Spathiphyllum Care

Spathiphyllum

Spathiphyllum

With the graceful common name “peace lily”, Spathiphyllum is an easy care, low light houseplant. It also removes many toxins from indoor air including formaldehyde and ammonia.

Temperature:
Regular house temperatures to slightly on the warm side. Avoid hot or cold drafts.

Light:
While Spathiphyllum will tolerate very low light, without some brightness from a window or a lamp, they are unlikely to bloom much, if at all. They can tolerate anything except direct, and bloom more the more light they receive.

Water:
Ideally, keep the soil evenly moist (not wet!) Otherwise water thoroughly when the soil just becomes dry but do not let the plant sit in water. Avoid allowing the plant to wilt (although Spathiphyllum will recover amazingly from wilting very badly, you’re likely to see a lot of yellow leaves as a consequence if it happens too often.) Like low light, Spathiphyllum will survive low water levels, but will never thrive as well as when proper watering is followed.

Once in a while, put the plant in the shower and water the leaves to wash off any accumulated dust.

The common name "peace lily" may come from the pure white flowers that look like white flags of surrender held above the plant.

The common name "peace lily" may come from the pure white flowers that look like white flags of surrender held above the plant.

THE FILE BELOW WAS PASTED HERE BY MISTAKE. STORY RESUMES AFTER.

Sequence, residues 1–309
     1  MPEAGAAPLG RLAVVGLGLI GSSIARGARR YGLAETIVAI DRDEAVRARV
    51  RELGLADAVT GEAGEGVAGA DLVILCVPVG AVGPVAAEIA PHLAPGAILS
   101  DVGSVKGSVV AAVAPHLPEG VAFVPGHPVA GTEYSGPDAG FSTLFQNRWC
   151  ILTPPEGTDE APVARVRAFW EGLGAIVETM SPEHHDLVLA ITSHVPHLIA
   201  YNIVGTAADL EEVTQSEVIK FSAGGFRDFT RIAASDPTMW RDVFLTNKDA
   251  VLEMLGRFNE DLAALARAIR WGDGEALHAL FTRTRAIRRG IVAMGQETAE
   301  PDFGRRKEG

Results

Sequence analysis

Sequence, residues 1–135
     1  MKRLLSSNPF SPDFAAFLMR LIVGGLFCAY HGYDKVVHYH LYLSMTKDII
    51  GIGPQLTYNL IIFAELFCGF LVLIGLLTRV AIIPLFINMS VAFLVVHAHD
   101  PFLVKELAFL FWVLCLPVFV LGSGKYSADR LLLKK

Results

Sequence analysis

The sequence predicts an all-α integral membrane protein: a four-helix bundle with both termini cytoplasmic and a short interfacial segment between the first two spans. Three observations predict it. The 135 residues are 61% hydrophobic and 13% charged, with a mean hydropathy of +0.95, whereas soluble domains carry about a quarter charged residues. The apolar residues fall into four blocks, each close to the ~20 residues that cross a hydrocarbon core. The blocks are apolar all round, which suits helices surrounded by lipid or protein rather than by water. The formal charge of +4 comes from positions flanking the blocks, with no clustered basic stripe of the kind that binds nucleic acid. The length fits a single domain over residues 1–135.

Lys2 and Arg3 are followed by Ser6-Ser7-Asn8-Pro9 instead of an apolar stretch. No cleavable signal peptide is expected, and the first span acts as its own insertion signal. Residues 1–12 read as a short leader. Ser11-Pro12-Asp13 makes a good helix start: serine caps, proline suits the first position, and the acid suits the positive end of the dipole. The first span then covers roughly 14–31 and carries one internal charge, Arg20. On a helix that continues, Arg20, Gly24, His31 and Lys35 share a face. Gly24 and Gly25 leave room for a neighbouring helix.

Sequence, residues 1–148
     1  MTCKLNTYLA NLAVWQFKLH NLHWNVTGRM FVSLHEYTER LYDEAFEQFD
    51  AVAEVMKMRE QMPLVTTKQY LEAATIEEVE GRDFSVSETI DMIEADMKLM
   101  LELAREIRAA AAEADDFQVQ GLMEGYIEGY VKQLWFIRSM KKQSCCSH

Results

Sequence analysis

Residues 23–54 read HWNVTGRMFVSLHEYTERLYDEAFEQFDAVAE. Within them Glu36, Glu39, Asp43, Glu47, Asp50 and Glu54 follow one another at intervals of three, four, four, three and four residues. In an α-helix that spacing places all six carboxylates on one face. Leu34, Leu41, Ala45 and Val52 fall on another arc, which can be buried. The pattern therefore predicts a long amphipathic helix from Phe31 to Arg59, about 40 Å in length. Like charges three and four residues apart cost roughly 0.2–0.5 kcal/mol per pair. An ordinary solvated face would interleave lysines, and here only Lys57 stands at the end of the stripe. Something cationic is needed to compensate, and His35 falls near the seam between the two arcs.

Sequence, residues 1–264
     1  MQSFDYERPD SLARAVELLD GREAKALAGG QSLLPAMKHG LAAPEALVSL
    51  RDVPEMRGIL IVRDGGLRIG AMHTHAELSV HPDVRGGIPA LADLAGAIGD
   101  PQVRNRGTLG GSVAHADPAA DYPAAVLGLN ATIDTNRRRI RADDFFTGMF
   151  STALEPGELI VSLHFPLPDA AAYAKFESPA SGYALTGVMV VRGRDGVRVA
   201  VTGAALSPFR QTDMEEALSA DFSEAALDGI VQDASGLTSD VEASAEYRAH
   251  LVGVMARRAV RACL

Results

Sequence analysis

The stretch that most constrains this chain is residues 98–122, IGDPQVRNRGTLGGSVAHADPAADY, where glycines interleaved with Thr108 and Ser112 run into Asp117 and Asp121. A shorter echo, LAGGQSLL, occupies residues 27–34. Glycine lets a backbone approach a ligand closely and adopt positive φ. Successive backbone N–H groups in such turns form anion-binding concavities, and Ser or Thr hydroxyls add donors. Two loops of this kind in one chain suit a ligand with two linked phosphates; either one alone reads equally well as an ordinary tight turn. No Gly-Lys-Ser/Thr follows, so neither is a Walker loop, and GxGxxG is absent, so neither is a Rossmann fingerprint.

Fertilizer:
Not a heavy feeder-fertilize with dilute (1/2 strength) fertilizer monthly when the plant is growing or blooming-usually in spring & summer.

Repotting:
Spathiphyllum tends to bloom better when slightly pot-bound. Repot when it’s difficult to keep the plant watered enough.

Problems:
Plant never flowers-check that the plant is receiving enough light, water, and occasional fertilizer, and is slightly root bound in the pot.

Plant is constantly droopy-If it doesn’t perk back up after being watered, it may have a root disease from being over-watered. Repot in fresh soil and a clean new pot, removing all black/damaged roots. Be careful with watering after repotting.

Leaf tips are brown-Most commonly from being over- or under-watered, less commonly from over-fertilizing. Don’t use too much fertilizer, and don’t fertilize in winter.